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Hyper-converged infrastructure appliance maker Simplivity has added its first all-flash product to its range.
The CN-5400-F comes with 14 1.6TB Intel S3610 SATA connected MLC flash drives. Simplivity doesn’t give I/O performance figures for the device, but Intel figures claim 84,000 IOPS for 4k reads and 28,000 IOPS for 4k writes per drive. At 14 drives per box, that works out at over 1.1 million /400,000 read/write IOPS per node.
SimpliVity was a pioneer – along with Nutanix – of so-called hyper-converged infrastructure, which combines compute, storage and networking in one box. This is a trend in part inspired by the modular hyperscale architectures pioneered by web giants Google and Facebook, for example.
It deploys its software as a virtual machine on VMware, Microsoft Hyper-V or KVM on commodity x86 server hardware, either as OmniCube appliances from SimpliVity, or as OmniStack software pre-installed on approved server hardware.
Simplivity sells a range of SSD- and HDD-equipped hyper-converged appliances that range from entry-level, with around 4TB of capacity, to higher-end devices, with around 20TB of capacity. They all use a common operating system, which means different products in the range can be federated together.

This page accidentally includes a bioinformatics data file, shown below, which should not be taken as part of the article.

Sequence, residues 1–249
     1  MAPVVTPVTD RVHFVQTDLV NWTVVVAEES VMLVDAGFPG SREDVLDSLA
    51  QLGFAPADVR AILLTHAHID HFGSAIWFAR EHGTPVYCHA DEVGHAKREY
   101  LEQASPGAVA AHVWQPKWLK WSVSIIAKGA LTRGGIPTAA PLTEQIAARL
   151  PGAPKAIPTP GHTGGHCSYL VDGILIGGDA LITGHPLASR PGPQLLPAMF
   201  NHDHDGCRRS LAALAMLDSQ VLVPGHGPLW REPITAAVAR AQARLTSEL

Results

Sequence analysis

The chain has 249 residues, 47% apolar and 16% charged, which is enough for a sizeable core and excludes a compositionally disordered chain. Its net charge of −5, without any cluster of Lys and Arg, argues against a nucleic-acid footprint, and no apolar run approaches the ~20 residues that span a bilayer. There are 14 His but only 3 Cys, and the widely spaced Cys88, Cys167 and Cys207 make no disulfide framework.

The CN-5400-F is the first foray by Simplivity into all-flash. Nutanix launched its first all-flash hyper-converged product in 2014.
Simplivity solutions architect director Stuart Gilks said the CN-5400-F is aimed at intensive database workloads, particularly SQL, as well as Microsoft Exchange.
More on hyper-converged infrastructure
- In the first of a two-part survey, we look at the hyper-converged infrastructure market and the startups providing VM-native servers and storage, and datacentre-in-a-box products.
- In the concluding part of a two-part survey, Computer Weekly looks at the offerings of the big players – Cisco, Dell, Fujitsu, HPE, VMware – in the hyper-converged infrastructure market.
“The increasing capacities and lower cost per gigabyte of flash means we are seeing more applications moving on to it. More customers are confident that all workloads can go on flash and more companies are going to all hyper-converged too,” said Gilks.
“Even though companies may not need all-flash, they would like to see it in hyper-converged supplier’s portfolios so they know they can move to it when needed.”
Simplivity has also launched RapidDR, which automates disaster recovery according to pre-configured plans and application-aware backups for SQL Server.